Justin Marytr on the Resurrection
I thought it would be appropriate to post a portion from Fragments of the Lost Work of Justin Marytr on the Resurrection the following is from Chapter 9, but Chapter 5 is also quite interesting so I included that as well. You can read more of his material here.
I hope you have a wonderful day!
Chapter IX.-The Resurrection of Christ Proves that the Body Rises.
If He had no need of the flesh, why did He heal it? And what is most forcible of all, He raised the dead. Why? Was it not to show what the resurrection should be? How then did He raise the dead? Their souls or their bodies? Manifestly both. If the resurrection were only spiritual, it was requisite that He, in raising the dead, should show the body lying apart by itself, and the soul living apart by itself. But now He did not do so, but raised the body, confirming in it the promise of life. Why did He rise in the flesh in which He suffered, unless to show the resurrection of the flesh? And wishing to confirm this, when His disciples did not know whether to believe He had truly risen in the body, and were looking upon Him and doubting, He said to them, "Ye have not yet faith, see that it is I; " and He let them handle Him, and showed them the prints of the nails in His hands. And when they were by every kind of proof persuaded that it was Himself, and in the body, they asked Him to eat with them, that they might thus still more accurately ascertain that He had in verity risen bodily; and He did eat honey-comb and fish. And when He had thus shown them that there is truly a resurrection of the flesh, wishing to show them this also, that it is not impossible for flesh to ascend into heaven (as He had said that our dwelling-place is in heaven), "He was taken up into heaven while they beheld," as He was in the flesh. If, therefore, after all that has been said, any one demand demonstration of the resurrection, he is in no respect different from the Sadducees, since the resurrection of the flesh is the power of God, and, being above all reasoning, is established by faith, and seen in works.
Chapter V.-The Resurrection of the Flesh is Not Impossible.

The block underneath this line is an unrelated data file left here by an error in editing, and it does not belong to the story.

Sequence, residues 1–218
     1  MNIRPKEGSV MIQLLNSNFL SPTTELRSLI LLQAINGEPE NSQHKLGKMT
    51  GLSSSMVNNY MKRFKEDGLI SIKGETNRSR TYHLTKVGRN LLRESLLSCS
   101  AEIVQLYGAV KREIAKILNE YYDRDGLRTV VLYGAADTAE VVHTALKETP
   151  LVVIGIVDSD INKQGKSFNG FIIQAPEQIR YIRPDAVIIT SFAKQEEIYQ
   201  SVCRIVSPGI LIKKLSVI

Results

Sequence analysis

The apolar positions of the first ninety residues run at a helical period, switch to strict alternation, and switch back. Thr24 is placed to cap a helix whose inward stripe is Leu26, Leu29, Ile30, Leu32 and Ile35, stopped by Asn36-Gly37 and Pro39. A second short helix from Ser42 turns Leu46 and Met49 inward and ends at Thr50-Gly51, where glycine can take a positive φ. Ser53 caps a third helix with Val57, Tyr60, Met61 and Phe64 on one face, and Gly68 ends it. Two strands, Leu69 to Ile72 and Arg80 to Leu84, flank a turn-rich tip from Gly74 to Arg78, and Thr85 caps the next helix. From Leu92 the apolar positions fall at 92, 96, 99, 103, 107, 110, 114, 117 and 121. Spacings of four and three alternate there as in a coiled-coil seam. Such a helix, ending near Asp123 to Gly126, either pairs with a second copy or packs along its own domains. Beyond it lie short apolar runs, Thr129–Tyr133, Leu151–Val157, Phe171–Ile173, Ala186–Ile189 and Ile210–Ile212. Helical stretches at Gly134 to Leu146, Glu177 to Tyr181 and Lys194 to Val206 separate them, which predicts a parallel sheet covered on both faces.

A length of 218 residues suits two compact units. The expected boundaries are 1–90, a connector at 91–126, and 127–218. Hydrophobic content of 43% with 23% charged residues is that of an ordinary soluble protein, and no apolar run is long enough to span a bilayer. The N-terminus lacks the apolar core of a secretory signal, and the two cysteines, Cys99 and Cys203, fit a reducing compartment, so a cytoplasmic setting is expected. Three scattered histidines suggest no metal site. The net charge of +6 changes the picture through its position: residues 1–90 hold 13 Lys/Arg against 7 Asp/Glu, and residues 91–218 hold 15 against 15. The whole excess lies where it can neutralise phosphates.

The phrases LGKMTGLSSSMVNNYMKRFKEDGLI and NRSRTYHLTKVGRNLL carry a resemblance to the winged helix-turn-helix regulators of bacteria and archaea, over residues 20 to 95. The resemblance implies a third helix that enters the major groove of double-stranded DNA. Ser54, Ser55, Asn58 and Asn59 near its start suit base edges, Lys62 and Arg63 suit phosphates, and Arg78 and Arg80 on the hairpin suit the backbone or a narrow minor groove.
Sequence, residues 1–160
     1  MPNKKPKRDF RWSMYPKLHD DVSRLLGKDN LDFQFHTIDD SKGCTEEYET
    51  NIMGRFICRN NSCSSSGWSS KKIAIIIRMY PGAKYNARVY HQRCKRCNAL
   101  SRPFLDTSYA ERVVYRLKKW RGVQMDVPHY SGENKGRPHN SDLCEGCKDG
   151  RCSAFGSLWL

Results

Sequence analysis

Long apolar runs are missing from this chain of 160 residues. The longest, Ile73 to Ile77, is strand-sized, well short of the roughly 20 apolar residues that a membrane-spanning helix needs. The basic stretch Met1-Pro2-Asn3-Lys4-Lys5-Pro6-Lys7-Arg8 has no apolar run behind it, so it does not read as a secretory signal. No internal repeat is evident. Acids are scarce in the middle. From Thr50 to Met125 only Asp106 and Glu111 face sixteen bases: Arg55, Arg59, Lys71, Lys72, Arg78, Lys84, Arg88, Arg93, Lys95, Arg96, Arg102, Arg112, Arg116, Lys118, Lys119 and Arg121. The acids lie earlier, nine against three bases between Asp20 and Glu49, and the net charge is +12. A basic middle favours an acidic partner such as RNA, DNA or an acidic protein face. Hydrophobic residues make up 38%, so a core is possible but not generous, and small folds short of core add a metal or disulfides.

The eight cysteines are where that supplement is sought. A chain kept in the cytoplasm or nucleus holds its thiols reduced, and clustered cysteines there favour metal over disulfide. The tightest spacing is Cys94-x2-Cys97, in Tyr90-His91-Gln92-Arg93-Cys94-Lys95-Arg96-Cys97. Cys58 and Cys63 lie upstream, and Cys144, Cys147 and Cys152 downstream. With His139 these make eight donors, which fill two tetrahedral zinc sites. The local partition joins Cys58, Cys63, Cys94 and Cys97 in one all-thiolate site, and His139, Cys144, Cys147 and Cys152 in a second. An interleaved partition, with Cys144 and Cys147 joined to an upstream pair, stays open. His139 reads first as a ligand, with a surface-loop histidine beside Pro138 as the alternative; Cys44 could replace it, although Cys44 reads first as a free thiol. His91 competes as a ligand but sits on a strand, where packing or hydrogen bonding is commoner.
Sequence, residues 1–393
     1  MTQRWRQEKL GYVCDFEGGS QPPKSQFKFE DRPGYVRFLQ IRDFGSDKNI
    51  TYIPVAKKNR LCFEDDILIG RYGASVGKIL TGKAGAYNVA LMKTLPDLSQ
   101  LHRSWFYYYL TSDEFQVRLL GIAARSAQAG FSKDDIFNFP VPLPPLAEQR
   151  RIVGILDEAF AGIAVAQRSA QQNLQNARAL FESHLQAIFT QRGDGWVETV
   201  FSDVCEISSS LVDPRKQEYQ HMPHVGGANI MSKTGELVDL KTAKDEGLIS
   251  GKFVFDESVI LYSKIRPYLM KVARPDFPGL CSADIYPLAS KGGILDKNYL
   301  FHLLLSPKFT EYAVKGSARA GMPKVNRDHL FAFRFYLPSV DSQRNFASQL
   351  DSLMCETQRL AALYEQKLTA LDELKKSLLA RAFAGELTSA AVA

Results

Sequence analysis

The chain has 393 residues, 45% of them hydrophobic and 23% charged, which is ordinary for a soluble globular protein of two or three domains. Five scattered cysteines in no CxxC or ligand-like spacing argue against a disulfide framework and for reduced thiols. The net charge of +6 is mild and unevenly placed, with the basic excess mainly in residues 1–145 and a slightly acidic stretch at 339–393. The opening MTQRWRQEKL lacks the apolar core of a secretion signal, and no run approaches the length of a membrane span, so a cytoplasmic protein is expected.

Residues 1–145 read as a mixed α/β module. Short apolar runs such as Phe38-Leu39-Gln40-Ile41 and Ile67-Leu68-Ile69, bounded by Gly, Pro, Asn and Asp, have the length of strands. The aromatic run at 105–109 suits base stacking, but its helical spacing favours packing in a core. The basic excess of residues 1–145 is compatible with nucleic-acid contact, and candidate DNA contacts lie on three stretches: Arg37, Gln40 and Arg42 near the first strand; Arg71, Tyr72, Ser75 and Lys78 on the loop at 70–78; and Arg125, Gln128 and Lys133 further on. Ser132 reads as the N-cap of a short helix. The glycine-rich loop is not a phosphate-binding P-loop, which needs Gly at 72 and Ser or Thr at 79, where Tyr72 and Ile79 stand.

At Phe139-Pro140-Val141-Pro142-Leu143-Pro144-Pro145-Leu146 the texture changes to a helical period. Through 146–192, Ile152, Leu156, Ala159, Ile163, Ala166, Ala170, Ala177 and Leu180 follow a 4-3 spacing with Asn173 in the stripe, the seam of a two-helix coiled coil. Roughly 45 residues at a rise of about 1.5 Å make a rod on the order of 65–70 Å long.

But again, of those who maintain that the flesh has no resurrection, some assert that it is impossible; others that, considering how vile and despicable the flesh is, it is not fit that God should raise it; and others, that it did not at the first receive the promise. First, then, in respect of those who say that it is impossible for God to raise it, it seems to me that I should show that they are ignorant, professing as they do in word that they are believers, yet by their works proving themselves to be unbelieving, even more unbelieving than the unbelievers. For, seeing that all the heathen believe in their idols, and are persuaded that to them all things are possible (as even their poet Homer says, "The gods can do all things, and that easily; "and he added the word "easily" that he might bring out the greatness of the power of the gods), many do seem to be more unbelieving than they. For if the heathen believe in their gods, which are idols ("which have ears, and they hear not; they have eyes, and they see not" ), that they can do all things, though they be but devils, as saith the Scripture, "The gods of the nations axe devils,"8 much more ought we, who hold the right, excellent, and true faith, to believe in our God, since also we have proofs [of His power], first in the creation of the first man, for he was made from the earth by God; and this is sufficient evidence of God's power; and then they who observe things can see how men are generated one by another, and can marvel in a still greater degree that from a little drop of moisture so grand a living creature is formed. And certainly if this were only recorded in a promise, and not seen accomplished, this too would be much more incredible than the other; but it is rendered more credible by accomplishment. But even in the case of the resurrection the Saviour has shown us accomplishments, of which we will in a little speak. But now we are demonstrating that the resurrection of the flesh is possible, asking pardon of the children of the Church if we adduce arguments which seem to be secular and physical:11 first, because to God nothing is secular, not even the world itself, for it is His workmanship; and secondly, because we are conducting our argument so as to meet unbelievers. For if we argued with believers, it were enough to say that we believe; but now we must proceed by demonstrations. The foregoing proofs are indeed quite sufficient to evince the possibility of the resurrection of the flesh; but since these men are exceedingly unbelieving, we will further adduce a more convincing argument still,-an argument drawn not from faith, for they are not within its scope, but from their own mother unbelief,-I mean, of course, from physical reasons. For if by such arguments we prove to them that the resurrection of the flesh is possible, they are certainly worthy of great contempt if they can be persuaded neither by the deliverances of faith nor by the arguments of the world.